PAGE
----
Tuesday, October 14, 2008

State's goals in education can be met

This from the Kentucky New Era:

By Brent Yonts

Looking for Kentucky at the top of any list that ranks states by educational achievement would have been like looking for the proverbial needle in a haystack 20 years ago. Our state was nowhere to be found. Not so today. Education in Kentucky has changed so much in recent years that within the next 11 years our state could possibly be ranked among the top 20 states in school performance. A recent report by one of the state’s leading education advocates, the Prichard Committee on Academic Excellence, explains that the state now has the foundation to move from the bottom to the top of the national rankings and be in the company of top tier states by 2020!

We are already pretty close to being in that elite group in some areas, having already surpassed or met the performance of these states in science and 4th grade writing. Plus we are only a few points behind Top 20-ranked Iowa in 8th grade math performance, catching up with top-tier Delaware in the number of students earning AP college credit in high school and almost tied with Illinois in the area of preschool enrollment for three and four year olds. The reason for this success has much to do with our work in 10 areas that the report calls the “Ten Steps Forward.” Improved performance by Kentucky students on state and national tests, better classroom performance, an increase in high school graduates and increased college enrollment and graduation rates are among the 10 areas, which are as follows:

* National ranking. We have the nation’s 34th best education system, based on a 2005 index developed by the Kentucky Long Term Policy Research Center. A matching index had us ranked 43rd in 1992.

* Science education. Kentucky students’ have the highest science test scores in the nation. They are also tied with the nation in reading, 4th-grade writing and 8th-grade mathematics.

* State tests. Every student group in Kentucky improved their accountability test performance from 1999 to 2006.

* AP exams. Students across the state making passing scores on Advanced Placement exams rose by 76 percent since 2000, a growth rate surpassed by only 7 other states.

* Preschool. Before 1990, there was no state-funded preschool in the Commonwealth. Today, more than 21,000 children attend free preschool statewide.

* Technology. Our state is a leader in school technology, tying for fourth place among all states in the 2008 ranking of “Technology Counts”, an annual report of the national newspaper Education Week. Our individual technology score was a B+ compared to a C+ national average.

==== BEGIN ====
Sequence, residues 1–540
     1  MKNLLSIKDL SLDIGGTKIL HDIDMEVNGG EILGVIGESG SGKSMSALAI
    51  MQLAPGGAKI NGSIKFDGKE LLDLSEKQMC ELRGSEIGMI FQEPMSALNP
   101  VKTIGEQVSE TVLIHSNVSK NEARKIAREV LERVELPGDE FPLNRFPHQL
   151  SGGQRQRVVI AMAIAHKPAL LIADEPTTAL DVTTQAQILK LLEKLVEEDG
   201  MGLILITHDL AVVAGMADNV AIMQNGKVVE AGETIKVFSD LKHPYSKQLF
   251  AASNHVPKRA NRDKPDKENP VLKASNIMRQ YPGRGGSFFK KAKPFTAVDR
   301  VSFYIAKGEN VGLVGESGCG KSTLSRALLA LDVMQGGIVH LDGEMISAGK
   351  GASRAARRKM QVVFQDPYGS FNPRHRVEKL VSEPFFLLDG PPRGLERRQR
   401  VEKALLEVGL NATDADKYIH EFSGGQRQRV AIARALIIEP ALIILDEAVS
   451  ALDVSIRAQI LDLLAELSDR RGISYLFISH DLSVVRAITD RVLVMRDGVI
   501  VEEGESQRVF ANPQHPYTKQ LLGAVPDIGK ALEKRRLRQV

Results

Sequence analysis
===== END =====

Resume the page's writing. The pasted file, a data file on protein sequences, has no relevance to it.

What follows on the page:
* College enrollment. Over the last decade, college enrollment at our four-year colleges and universities has increased 40 percent. At the community and technical college level, the increase in enrollment has soared 106 percent. Of the individuals included in those enrollments, the number receiving bachelor’s degrees annually increased 28 percent while associate degree holders increased 53 percent over the period.

* High school graduates. The number of adults under age 25 who are high school graduates in Kentucky has risen to 80 percent, up 10 percent since 1980. Up by five percent over the 28 year period are the number of adults under age 35 who hold at least a bachelor’s degree.

* Investment by the state. Over the past 18 years, the state of Kentucky has invested over $2 billion in the replacement and renovation of school buildings to give our children a safe, modern study environment.

* Return on academic investment. In 2005, Kentucky ranked 8th nationally in the return we received on our investment in education from preschool through 12th grade. The ranking was based on reading and math performance versus spending and student challenges.

Other achievements that the Prichard Committee celebrated in its report —although they cannot be tracked statistically—are changes in state law made by the Kentucky General Assembly that affect school governance. By changing the culture of education, we lawmakers believe that we can make our schools a better place. And indeed, that seems to be true.

What is also true is we have much work to do. We still need to raise teachers’ salaries, we have a student “achievement gap” to bridge, the CATS test is still an issue, and we need to prepare more students for careers in the math, science and technology fields. I will speak more about the challenges next week, along with other challenges that the Prichard report has flagged. Have a great week ahead.

BRENT YONTS (D) is a state representative from Greenville.

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